The big tree which shades the rear of our cottage has been losing its leaves and old dry seed pods for the last two months. [The first time this happened I panicked and thought it was dying!]. Each time we swept the drive and pathways another gust of wind came and dumped a new load of leaf litter plus small but very sharp stems which cause us not a little agony since we go barefoot. Other trees are doing the same – many of the frangipani trees are now totally bare of leaves; and our teak trees are looking very decrepit indeed.
But up in the tea plantations the jacaranda are in full bloom. I remember them from southern Africa blooming just in advance of the rainy season – the central square in Harare outside Meikles Hotel was a lilac carpet of fallen blossoms. And this morning I was having my tea on the roof as usual when I noticed a feathery pale yellow blossom on the floor beside my chair. Yes – the big tree had not only put out new green shoots but is also flowering. This is a very brief but lovely time – it’s all over in a week – since the blossoms have a sort of jasminey scent which drifts over the cottage in the light morning airs.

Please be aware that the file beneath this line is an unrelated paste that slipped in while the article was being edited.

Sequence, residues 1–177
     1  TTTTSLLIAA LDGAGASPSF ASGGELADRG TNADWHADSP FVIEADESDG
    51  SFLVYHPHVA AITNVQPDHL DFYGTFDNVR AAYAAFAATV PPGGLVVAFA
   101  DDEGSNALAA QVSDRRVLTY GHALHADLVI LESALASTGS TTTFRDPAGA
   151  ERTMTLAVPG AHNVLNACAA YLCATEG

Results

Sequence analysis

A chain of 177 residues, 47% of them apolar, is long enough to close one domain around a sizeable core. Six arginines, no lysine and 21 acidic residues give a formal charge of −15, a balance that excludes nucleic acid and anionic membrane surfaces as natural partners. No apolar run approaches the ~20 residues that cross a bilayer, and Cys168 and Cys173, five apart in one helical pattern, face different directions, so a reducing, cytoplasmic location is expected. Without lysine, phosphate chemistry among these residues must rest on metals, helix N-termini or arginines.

I asked Thirupathi this morning the name of the tree – in Tamil it is Vaahai Maram – maram means tree. An internet search tells me we are the proud possessors of a very healthy East Indian Walnut, Albizia Lebbeck. Any Seychelles friends reading this blog will know it as Bois Noir.